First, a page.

These words clearly express Christ’s intention: under the species of the bread and the wine, he makes himself really present with his Body given and his Blood poured out as a sacrifice of the New Covenant. At the same time, he constitutes the Apostles and their successors ministers of this Sacrament, which he entrusts to his Church as a supreme proof of his love.
We also commemorate with an evocative rite the gesture of Jesus who washes the Apostles’ feet (Jn13: 1-25). For the Evangelist this act comes to portray the whole of Jesus’ life and reveals his love to the end, an infinite love that is capable of preparing man for communion with God and of setting him free. At the end of the Holy Thursday Liturgy the Church puts the Blessed Sacrament in a specially prepared place that represents Jesus’ loneliness and mortal anguish in Gethsemane. Before the Eucharist, the faithful contemplate Jesus in the hour of his solitude and pray that all the loneliness in the world may cease. This liturgical itinerary is likewise an invitation to seek the intimate encounter with the Lord in prayer, to recognize Jesus among those who are lonely, to watch with him and to proclaim him with the light of one’s own life.
On Good Friday we shall commemorate the Passion and death of the Lord. Jesus wanted to give his life as a sacrifice for the forgiveness of humanity’s sins, choosing to this end the most brutal and humiliating death: crucifixion. There is an inseparable connection between the Last Supper and Jesus’ death. At the Last Supper Jesus gives his Body and his Blood, that is, his earthly existence, himself, anticipating his death and transforming it into an act of love. Thus he makes death which by its nature is the end, the destruction of every relationship an act of the communication of himself, a means of salvation and of the proclamation of the victory of love. In this way, Jesus becomes the key to understanding the Last Supper, which is an anticipation of the transformation of violent death into a voluntary sacrifice; into an act of love that redeems and saves the world.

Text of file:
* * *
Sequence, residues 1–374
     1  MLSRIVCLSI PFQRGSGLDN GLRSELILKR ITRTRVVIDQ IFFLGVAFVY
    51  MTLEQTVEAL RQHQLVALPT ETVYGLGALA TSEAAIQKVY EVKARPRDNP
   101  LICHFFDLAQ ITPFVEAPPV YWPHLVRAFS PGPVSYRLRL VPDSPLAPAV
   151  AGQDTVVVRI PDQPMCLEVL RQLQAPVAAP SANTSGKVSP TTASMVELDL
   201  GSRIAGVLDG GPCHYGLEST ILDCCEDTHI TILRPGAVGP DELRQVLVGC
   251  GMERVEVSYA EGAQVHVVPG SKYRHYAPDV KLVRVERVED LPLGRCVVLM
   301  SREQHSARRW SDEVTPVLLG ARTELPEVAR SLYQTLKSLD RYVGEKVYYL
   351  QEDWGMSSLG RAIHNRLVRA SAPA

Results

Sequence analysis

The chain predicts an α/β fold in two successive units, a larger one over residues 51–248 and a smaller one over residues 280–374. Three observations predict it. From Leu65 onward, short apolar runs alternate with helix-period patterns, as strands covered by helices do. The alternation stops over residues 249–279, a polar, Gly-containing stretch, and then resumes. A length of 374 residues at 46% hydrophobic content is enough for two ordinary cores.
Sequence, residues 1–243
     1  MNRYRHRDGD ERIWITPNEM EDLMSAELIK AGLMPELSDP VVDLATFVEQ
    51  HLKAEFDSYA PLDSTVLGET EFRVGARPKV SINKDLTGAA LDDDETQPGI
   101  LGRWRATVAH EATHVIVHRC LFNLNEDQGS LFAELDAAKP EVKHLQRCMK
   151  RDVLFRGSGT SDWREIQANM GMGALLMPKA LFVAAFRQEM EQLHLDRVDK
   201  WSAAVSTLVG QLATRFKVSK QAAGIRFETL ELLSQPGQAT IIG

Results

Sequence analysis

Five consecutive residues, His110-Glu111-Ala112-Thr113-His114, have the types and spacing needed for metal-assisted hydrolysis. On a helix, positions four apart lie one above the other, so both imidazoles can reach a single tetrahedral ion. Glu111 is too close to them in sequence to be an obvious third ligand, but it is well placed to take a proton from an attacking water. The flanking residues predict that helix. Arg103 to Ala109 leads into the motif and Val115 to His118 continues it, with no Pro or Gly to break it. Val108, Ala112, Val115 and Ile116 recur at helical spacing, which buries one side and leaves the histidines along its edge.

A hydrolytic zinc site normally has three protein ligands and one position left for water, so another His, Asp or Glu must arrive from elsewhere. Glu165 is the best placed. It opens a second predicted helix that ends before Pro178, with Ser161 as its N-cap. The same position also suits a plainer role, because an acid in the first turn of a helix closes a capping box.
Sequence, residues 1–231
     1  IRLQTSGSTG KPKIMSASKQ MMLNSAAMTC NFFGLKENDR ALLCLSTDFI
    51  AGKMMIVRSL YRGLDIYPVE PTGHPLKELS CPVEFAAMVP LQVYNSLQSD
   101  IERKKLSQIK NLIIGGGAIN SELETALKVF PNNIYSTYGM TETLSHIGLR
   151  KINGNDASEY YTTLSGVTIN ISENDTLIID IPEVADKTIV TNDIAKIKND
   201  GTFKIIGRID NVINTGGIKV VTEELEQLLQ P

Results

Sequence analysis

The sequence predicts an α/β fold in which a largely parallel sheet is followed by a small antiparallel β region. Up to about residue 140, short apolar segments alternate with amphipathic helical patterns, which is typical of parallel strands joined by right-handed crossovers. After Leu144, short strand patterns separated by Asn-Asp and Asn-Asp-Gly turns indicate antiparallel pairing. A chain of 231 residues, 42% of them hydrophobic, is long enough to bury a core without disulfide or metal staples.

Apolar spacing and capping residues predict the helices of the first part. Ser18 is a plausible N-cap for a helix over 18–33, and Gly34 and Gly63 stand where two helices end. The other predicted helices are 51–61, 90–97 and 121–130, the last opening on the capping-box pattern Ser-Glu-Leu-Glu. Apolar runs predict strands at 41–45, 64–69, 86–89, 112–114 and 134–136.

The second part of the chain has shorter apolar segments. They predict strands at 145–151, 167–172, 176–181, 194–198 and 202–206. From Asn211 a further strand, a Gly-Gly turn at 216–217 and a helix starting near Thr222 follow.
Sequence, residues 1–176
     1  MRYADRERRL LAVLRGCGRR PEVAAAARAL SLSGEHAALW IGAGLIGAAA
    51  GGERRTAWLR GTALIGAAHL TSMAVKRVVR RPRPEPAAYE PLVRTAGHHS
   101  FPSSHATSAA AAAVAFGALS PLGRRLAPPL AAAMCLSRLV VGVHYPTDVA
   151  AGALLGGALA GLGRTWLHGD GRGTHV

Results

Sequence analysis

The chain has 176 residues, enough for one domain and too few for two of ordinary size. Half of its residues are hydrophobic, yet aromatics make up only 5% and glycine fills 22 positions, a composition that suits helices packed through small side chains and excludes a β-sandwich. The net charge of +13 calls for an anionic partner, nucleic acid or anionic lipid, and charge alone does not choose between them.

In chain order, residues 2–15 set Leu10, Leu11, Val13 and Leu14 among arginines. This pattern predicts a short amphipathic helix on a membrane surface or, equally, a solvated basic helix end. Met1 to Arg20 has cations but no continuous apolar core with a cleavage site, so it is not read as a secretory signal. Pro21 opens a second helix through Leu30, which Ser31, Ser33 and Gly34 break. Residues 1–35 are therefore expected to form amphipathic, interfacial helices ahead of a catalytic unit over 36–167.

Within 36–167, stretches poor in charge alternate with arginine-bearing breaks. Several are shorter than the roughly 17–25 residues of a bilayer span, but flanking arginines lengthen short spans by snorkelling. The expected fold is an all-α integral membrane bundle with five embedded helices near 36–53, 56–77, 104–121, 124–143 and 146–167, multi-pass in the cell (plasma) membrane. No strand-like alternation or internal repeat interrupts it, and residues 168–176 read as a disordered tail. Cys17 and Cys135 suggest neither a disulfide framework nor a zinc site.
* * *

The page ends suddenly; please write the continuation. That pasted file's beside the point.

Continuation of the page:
Holy Saturday is marked by a profound silence. The Churches are bare and no special Liturgies are planned. In this time of waiting and hope, believers are invited to prayer, reflection and conversion, also by means of the sacrament of Reconciliation, in order to take part, intimately renewed, in the celebration of Easter.